Tradespersons and professionals alike are developing the skills needed to deliver energy efficiency services, clean energy projects, and low pollution products to Australian households, communities and businesses. This is helping workers of all types transition to a low carbon economy by providing them with the skills that will become increasingly important as businesses adapt to a clean energy future.
Did you know there is a one-stop website specially designed for individuals and businesses applying for government grants? For more information see GrantsLINK.
For further information about helping business, see:
How do companies estimate carbon emissions
Under the carbon pricing mechanism, Australia’s biggest polluters are required to measure their emissions and report them to the Clean Energy Regulator. Emissions from various activities are measured in different ways.
Carbon Farming Initiative
The Carbon Farming Initiative (CFI) is a carbon offsets scheme that provides new economic opportunities for farmers, forest growers and land managers while also helping the environment by reducing carbon pollution. Farmers and land managers are able to generate credits that can then be sold to other businesses wanting to offset their own carbon pollution.
Carbon farming futures
The Carbon Farming Futures program is part of the Land Sector Package under the Australian Governments’ clean energy future plan. The Carbon Farming Futures program is delivering $429 million over six years to help farmers and land managers benefit from carbon farming.
The Opt-In scheme
Certain business transport emissions from fuels (rail and shipping) and non-transport emissions from fuels are subject to an effective carbon price, generally applied by reducing business fuel tax credits or increasing excise paid by an amount equivalent to that of placing the carbon price on fuel emissions.
Some businesses which effectively pay no fuel excise are facing an effective carbon price, through changes to the current fuel tax regime. Eligible businesses may choose, however to have their liquid transport fuel emissions come under the carbon pricing mechanism rather than the fuel tax system.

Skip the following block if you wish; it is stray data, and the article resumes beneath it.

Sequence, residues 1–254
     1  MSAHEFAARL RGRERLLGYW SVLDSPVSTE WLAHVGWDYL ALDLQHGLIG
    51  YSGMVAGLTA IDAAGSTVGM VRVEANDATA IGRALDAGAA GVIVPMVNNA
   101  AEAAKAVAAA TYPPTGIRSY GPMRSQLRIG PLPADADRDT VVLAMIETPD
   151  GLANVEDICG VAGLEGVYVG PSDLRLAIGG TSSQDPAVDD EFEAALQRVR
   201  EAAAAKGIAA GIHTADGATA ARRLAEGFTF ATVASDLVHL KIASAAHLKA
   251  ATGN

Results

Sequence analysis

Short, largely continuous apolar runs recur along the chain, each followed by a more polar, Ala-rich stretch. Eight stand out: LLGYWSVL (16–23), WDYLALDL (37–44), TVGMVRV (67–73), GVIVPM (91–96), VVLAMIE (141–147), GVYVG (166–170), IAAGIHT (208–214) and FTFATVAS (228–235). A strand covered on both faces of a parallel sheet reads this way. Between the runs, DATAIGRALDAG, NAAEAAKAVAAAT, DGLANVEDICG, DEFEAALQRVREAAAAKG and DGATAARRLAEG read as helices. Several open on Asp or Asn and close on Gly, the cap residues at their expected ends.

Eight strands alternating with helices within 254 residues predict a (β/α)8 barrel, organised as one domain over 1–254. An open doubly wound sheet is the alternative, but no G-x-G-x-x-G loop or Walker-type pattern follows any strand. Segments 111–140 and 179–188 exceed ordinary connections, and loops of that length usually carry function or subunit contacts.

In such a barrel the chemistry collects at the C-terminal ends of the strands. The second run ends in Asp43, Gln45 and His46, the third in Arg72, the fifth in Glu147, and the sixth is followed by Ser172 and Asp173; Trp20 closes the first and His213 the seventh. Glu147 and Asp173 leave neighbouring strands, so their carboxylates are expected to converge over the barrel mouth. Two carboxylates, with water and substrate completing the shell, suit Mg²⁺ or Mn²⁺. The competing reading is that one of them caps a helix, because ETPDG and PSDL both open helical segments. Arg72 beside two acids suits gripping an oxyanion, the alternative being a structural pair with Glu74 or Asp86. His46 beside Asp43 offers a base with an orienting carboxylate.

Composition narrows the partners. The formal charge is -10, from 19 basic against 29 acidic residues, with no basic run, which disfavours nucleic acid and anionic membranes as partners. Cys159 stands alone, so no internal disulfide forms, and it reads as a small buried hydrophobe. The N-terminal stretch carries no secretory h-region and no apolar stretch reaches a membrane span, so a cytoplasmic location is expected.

The income tax treatment of emissions units is being provided in specific provisions in the tax law to provide certainty to taxpayers as to their income tax treatment. Supplies of eligible emissions units under the carbon price are goods and services tax (GST)-free subject to agreement of the States and Territories. The normal GST rules apply to transactions involving financial derivatives of units and the payment of grants.
Detailed modelling from the Treasury released in July 2011 shows:
- The economic costs of delaying action on climate change
- How Australia’s economy and job opportunities will continue to grow with a carbon price
- The modest impact on cost of living with a carbon price
- How carbon pricing will transform our economy and drive a shift towards cleaner energy
- Modelling Report
- The report was released on 10 July 2011. Updated modelling was released on 21 September 2011.
- Modelling Overview
- The overview for modelling a carbon price
- Treasury website – Modelling a carbon price
- Strong growth, low pollution